Learn Honolulu's history from a bus driver's shirt
By Mike Leidemann
Advertiser Transportation Writer
On Aloha Fridays, Honolulu bus drivers don't have to wear their signature aloha bus shirts. It's the one day each week when they can wear any old aloha shirt they choose.
Most of them wear the "official" shirts anyway.
Why not? For almost 30 years O'ahu bus drivers have been setting the island standard for relaxed fashion statements everywhere they go, from the No. 2 School Street route to the No. 70 Maunawili. After all, who needs to look and feel cooler than the men and women steering 40-foot, 75-passenger vehicles through Honolulu's ever more congested streets?
Riders with an eye for fashion can practically trace the whole modern history of Honolulu in the shirts of their drivers, from the time of the 25-cent fare to the HandiVan; from the old-fashioned blue-and-white line drawings to the brighter, multicolored and multitextured designs of today.
"It was quite an evolution," said Tom Enomoto, customer communications coordinator for O'ahu Transit Services. "You can read the whole course of technology changing just by studying the shirts."
It wasn't always so. In the early days of Honolulu's mass-transit program, street-car drivers were forced to wear an almost-military uniform. Old pictures show the drivers in identical all-black outfits: black pants, black shirts, black ties, black shoes, black hats with a shiny policeman-style badge.
Update stodgy image
Even when Calvin Kapua started working for the old Honolulu Rapid Transit company 42 years ago, drivers on the un-air conditioned buses had to wear long-sleeved shirts with a tie or bowtie.
"People always thought I was a prison guard. I guess the idea was to convey an image of seriousness and safety," said Kapua, who today is the training coordinator and introduces each new batch of bus-driver recruits to the history of the company and its shirts during an orientation session.
Former Mayor Frank Fasi introduced the "new-identity apparel" about 1974, hoping to change the bus' stodgy, old image to a fresher, more fun one that would help lure more drivers out of their cars, something bus planners are still working on.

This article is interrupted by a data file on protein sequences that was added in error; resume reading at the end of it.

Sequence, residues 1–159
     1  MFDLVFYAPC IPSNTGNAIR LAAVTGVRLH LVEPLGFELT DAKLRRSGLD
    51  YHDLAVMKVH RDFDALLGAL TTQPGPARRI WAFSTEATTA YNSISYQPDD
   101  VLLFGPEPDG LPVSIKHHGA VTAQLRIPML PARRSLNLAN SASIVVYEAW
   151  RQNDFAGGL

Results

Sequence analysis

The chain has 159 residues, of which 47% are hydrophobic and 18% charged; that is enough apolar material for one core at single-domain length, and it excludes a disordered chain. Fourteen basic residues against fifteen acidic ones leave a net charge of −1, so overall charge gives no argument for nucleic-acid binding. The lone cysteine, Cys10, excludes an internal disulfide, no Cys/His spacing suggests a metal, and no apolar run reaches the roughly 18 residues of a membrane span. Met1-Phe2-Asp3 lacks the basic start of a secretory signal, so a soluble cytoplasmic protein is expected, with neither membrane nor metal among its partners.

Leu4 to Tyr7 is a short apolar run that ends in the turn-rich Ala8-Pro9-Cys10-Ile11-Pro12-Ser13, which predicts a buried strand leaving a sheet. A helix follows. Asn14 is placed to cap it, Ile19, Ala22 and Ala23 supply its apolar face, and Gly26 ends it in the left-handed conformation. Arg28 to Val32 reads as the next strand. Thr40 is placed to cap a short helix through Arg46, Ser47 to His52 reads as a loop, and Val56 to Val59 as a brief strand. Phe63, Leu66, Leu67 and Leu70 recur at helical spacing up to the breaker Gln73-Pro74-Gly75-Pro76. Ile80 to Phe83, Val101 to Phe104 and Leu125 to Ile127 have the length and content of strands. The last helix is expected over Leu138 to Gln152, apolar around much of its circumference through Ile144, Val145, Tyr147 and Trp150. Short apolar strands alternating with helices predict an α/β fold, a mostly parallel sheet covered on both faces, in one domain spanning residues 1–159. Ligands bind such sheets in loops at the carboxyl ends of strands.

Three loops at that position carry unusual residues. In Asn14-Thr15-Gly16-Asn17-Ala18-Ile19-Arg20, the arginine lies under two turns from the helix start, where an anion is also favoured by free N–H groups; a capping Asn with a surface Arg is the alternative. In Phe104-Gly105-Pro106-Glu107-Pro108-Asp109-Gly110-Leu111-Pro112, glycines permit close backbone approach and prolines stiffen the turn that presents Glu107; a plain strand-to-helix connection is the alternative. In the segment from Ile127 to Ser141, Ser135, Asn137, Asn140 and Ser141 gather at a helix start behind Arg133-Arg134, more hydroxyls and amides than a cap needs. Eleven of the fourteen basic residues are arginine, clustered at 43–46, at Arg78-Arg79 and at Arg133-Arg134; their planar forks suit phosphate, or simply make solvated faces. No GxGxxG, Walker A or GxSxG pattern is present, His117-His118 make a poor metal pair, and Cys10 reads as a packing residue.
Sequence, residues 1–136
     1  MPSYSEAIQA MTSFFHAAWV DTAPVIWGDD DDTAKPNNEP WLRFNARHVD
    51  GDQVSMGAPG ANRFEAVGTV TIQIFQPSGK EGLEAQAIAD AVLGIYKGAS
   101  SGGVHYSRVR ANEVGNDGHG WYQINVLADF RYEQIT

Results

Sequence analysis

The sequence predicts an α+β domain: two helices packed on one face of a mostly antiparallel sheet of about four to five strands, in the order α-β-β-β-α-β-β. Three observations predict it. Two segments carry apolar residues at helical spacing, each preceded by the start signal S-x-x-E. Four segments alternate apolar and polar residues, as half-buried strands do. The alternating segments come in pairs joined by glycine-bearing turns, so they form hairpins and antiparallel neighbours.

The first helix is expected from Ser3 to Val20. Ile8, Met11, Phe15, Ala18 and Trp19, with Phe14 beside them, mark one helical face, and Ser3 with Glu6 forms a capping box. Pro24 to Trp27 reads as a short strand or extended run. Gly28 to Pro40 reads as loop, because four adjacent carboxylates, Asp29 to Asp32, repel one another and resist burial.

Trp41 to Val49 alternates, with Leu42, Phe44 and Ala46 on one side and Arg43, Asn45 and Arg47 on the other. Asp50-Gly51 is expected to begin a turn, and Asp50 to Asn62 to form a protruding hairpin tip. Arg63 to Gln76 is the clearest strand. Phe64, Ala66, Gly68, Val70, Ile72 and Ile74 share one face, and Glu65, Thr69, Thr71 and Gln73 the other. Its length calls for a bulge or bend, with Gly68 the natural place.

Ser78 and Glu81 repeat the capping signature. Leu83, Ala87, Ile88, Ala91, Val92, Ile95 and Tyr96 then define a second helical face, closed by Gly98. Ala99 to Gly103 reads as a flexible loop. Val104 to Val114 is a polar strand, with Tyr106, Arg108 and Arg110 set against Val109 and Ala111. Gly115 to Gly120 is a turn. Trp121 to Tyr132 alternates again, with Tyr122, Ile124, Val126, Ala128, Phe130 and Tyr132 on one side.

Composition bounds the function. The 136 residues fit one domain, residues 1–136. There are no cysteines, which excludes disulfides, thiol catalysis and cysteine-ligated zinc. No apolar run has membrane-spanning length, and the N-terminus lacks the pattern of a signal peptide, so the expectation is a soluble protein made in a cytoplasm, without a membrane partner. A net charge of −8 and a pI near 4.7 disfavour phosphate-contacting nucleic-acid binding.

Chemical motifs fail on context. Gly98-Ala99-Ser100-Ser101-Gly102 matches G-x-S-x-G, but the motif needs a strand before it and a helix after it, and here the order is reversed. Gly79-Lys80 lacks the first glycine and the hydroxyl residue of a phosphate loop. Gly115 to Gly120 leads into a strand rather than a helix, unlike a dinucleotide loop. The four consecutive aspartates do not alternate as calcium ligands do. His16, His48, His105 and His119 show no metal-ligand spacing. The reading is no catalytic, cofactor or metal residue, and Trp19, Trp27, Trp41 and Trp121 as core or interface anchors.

"Oh, we were really happy when we didn't have to wear neckties anymore," Kapua said. "Everything started to change. It made the drivers look really sharp and made them more welcoming."
One of the early shirts had a stylish map of O'ahu and a motto that read "Remember when 50 cents went a long, long way? It still does on TheBus."
Since then, the companies running the city bus service have issued new designs every two to three years, Enomoto said. Typically, each new design comes in three color combinations and three styles: pullover, button-down and a women's smock. They are made by some of the state's biggest fashion companies: Tori Richard, Malia International, Iolani, Jams.
Drivers must buy their own shirts at discounted prices, but once they are in circulation, the shirts are never retired. After a few years on the job, a driver can build a wardrobe large enough that he or she can wear a different shirt every day of the week.
"You can really date how long a driver has been working here by how many shirts he has," Kapua said.
Some designs have had familiar bus destinations incorporated: Kane'ohe, Makiki, Kalihi, Kalama Valley, Wai'alae and Nanakuli; others have included a map of the island and familiar landmarks such as Aloha Tower, Diamond Head, the USS Arizona Memorial and Aloha Stadium.
In the late 1970s, there was a drawing of some swimsuit-clad visitors boarding "The Beach Bus" to Waimanalo.
1980s designs included the flexible "reticulated" bus.
In the 1990s, the Handivan was added to O'ahu Transit Services, and to the shirts, too. Somewhere along the line, the bus fare, now topping $1, was dropped from the prints.
The first few designs were mostly bus-oriented, but newer ones have been expanded to include just about everything associated with island life: pineapples, squid, hibiscus flowers, rainbows, snowflake quilt patterns, birds of paradise, canoe paddlers, honu, the Hokule'a, nene, tapa designs, palm trees, clouds.
"We wanted to move beyond transportation. The idea was to pick up on the whole Hawai'i sense of place," said Sandy Hiraoka, a graphic designer who worked for the transit agency from 1993 to 2000, designing several shirts and dozens of bus passes that have now become collector items.
The shirts also convey a spirit of 'ohana that exists among the bus drivers and others who work for OTS, she said. "It's really the best place I've ever worked. The company lives aloha from the top down, and the shirts reflect that."
For drivers still not satisfied with the variety of TheBus shirts, Kapua runs a side business that adds new colors to existing shirts. For a small fee, he'll take a standard shirt and dye it with one of more than a dozen new colors.
He works by hand, using Rit fabric coloring dissolved in large aluminum roasting pans, testing small swatches of cloth before advancing onto whole shirts.
The shirts are sold only to the 1,700 employees, Enomoto said; TheBus has never considered opening its own logo store and selling the shirts to the public, although there's an occasional inquiry from an envious passenger.
"You can't buy them at all," Enomoto said. "But if you're nice to your driver, he might buy one and give it to you."